WILLACY: But this isn’t just a system layered with rulings many parents regard as idiotic – it’s a system in which court rulings are often flouted or ignored by parents who abduct their children. Englishman Alex Kahney is leaving Japan after 19 years. He’s lost his job, he’s broke and so he can’t afford to stay and that means he’s leaving behind everything he cares about – his two daughters.

ALEX KAHNEY: “They just love their daddy. They were real daddy’s girls. Every time we got in the car there’d be a fight who could sit next to daddy in the front”.

WILLACY: Two years ago with his marriage to his Japanese wife falling apart, Alex Kahney returned home from work one day to an empty house and an empty bank account.

ALEX KAHNEY: “I thought uh oh, something’s wrong here. I went to the police. I said to the police, ‘my wife’s taken my kids out of the house without my permission and we’re not divorced. There’s no agreement in place, there’s no court order and she’s refusing to let me speak to the children’. The policemen laughed. They both had a good chuckle about it”.

WILLACY: Alex Kahney says his marriage broke down after his wife reneged on an agreement to raise their children in England for a while. We tried to get his estranged wife’s side of the story.

YUMI: “We’ve heard your husband’s side of the story. Now we’d like to hear both sides of the story”.

WILLACY: But like other Japanese spouses we contacted, she refused to be part of this programme. Despite a court order giving Alex Kahney monthly access, his wife hasn’t allowed him to see his children since she snatched them two years ago. So his frustration has turned to desperation. It’s a harrowing scene as the father tries every now and then to connect with his daughters as they leave school. [Alex walking alongside them outside school trying to talk to his daughters] His daughters don’t want to listen. They run from their father without saying a word.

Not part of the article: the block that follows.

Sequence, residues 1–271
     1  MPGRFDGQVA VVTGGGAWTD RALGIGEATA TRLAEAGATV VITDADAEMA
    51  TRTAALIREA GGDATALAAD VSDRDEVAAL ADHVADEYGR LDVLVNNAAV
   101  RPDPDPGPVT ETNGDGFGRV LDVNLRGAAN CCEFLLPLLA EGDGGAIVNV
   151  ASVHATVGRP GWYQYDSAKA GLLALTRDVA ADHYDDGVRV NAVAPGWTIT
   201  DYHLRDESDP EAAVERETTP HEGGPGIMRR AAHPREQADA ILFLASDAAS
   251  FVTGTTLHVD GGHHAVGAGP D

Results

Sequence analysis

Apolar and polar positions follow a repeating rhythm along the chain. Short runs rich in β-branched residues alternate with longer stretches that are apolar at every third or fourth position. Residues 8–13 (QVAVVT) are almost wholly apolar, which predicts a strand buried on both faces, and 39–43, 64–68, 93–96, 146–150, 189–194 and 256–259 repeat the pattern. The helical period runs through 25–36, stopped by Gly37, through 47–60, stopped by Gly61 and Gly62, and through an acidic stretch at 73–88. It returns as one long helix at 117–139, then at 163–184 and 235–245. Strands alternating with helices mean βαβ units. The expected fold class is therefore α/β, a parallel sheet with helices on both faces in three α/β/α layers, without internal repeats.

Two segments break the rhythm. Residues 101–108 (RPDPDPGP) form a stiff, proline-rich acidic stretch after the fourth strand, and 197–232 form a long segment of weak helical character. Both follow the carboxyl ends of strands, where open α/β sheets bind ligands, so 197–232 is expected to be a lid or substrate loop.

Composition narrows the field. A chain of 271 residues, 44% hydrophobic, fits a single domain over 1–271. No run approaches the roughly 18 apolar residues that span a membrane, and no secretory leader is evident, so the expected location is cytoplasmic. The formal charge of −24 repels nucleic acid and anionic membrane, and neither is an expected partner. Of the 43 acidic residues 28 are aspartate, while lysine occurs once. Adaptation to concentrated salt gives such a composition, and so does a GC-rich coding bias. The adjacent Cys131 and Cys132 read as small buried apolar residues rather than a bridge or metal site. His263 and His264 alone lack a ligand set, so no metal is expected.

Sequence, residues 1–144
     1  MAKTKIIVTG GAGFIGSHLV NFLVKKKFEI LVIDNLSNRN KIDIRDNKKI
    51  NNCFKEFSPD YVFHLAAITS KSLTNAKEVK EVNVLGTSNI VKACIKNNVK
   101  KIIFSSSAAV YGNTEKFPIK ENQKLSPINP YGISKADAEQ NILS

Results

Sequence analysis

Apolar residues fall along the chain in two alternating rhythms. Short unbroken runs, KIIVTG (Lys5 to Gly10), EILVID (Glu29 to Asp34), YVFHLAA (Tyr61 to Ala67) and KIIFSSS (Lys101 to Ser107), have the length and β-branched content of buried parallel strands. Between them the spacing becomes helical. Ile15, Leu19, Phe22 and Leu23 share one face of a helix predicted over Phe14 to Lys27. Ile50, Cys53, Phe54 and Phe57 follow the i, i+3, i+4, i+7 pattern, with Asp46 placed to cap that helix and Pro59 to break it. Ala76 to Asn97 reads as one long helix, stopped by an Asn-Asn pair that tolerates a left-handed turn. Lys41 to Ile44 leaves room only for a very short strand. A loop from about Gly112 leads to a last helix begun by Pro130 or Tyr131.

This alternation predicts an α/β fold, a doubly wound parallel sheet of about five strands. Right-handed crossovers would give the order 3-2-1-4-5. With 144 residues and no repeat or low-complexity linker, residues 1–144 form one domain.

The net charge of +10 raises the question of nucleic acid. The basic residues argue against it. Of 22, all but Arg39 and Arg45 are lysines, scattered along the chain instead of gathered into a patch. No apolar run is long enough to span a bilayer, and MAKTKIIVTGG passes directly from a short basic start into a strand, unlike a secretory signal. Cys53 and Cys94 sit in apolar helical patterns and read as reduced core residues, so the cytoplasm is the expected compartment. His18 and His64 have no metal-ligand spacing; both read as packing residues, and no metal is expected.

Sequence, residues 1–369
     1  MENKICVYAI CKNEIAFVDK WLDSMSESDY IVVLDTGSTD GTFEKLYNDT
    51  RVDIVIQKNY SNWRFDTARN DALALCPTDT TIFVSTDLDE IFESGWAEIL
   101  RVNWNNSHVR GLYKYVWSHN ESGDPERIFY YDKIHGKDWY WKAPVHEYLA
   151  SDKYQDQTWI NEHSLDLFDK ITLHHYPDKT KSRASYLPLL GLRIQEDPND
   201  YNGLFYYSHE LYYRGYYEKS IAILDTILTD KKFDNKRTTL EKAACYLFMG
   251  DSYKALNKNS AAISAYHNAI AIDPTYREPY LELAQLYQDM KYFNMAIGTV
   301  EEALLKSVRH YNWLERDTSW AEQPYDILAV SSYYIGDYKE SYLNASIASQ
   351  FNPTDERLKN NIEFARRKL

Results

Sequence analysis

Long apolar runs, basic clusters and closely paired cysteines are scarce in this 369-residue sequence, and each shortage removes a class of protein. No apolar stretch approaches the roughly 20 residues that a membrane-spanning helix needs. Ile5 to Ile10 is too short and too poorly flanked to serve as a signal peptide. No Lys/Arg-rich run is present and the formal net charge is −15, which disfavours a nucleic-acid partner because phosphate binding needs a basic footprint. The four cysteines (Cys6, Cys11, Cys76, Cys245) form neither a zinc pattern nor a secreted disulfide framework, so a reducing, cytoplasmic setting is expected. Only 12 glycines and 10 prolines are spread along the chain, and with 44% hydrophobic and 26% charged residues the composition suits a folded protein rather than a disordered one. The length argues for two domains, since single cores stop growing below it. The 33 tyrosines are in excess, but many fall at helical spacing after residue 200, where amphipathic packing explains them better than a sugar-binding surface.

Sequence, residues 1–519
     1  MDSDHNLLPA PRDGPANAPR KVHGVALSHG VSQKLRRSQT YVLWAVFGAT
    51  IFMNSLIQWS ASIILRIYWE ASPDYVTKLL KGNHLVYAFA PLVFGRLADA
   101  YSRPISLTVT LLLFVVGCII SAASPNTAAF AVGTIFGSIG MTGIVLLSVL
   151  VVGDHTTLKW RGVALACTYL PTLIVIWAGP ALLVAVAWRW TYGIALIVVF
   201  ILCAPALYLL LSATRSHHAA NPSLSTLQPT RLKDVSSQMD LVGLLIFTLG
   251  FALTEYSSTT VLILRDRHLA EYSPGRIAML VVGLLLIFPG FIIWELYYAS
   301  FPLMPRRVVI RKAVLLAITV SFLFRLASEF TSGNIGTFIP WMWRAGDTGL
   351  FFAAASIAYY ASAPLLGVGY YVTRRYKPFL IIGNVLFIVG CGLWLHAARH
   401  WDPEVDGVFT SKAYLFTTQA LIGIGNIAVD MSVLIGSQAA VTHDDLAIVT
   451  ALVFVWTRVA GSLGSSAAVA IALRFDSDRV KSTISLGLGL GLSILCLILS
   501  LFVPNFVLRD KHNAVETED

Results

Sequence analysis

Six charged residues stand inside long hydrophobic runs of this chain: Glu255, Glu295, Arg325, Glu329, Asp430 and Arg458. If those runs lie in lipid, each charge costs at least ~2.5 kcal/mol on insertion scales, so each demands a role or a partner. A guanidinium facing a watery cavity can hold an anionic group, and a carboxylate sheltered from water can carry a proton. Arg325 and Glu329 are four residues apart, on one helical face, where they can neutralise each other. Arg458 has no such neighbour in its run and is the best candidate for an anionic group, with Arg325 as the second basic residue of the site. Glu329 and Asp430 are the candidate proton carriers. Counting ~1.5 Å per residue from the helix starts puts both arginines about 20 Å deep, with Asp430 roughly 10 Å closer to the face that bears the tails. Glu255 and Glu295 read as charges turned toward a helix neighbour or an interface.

ALEX KAHNEY: “They just ignore me. They just ignore me. A child ignoring her own father, you know I’ve been disowned. I’m nothing. I might as well be a ghost”.

COLIN JONES: “When we talk about family law in Japan today, it’s a slight exaggeration but there really isn’t any. There is no body of law called family law”.

WILLACY: At this protest in one of Tokyo’s busiest districts, so-called left behind parents – both Japanese and foreign – have joined forces. They’re a very vocal part of an effort to stop Japan remaining a black hole for international and domestic child abduction. The country’s been under pressure from foreign governments and parents to sign the Hague Convention on the Civil Aspects of International Child Abduction. The Convention sets out the rules for the prompt return of kids abducted across international borders by one of their parents. Every top industrialised country in the world – except Japan – has signed it. Japan says it plans to but nobody here is holding their breath and the courts have been very reluctant to break the mould. According to local media reports, there’s not been one recorded case of a Japanese judge ordering the repatriation of an abducted child.

COLIN JONES: “Who wants to be the first judge to order a crying child to be taken away from a crying Japanese mother and given back and sent overseas? Nobody, there’s nobody in the system I think who benefits from being the guy who ordered the crying child to be taken away”.

(DISTRESSED WOMAN AT MICROPHONE BREAKS DOWN)

WILLACY: It’s not the sort of meeting they’re used to inside Japan’s parliament complex.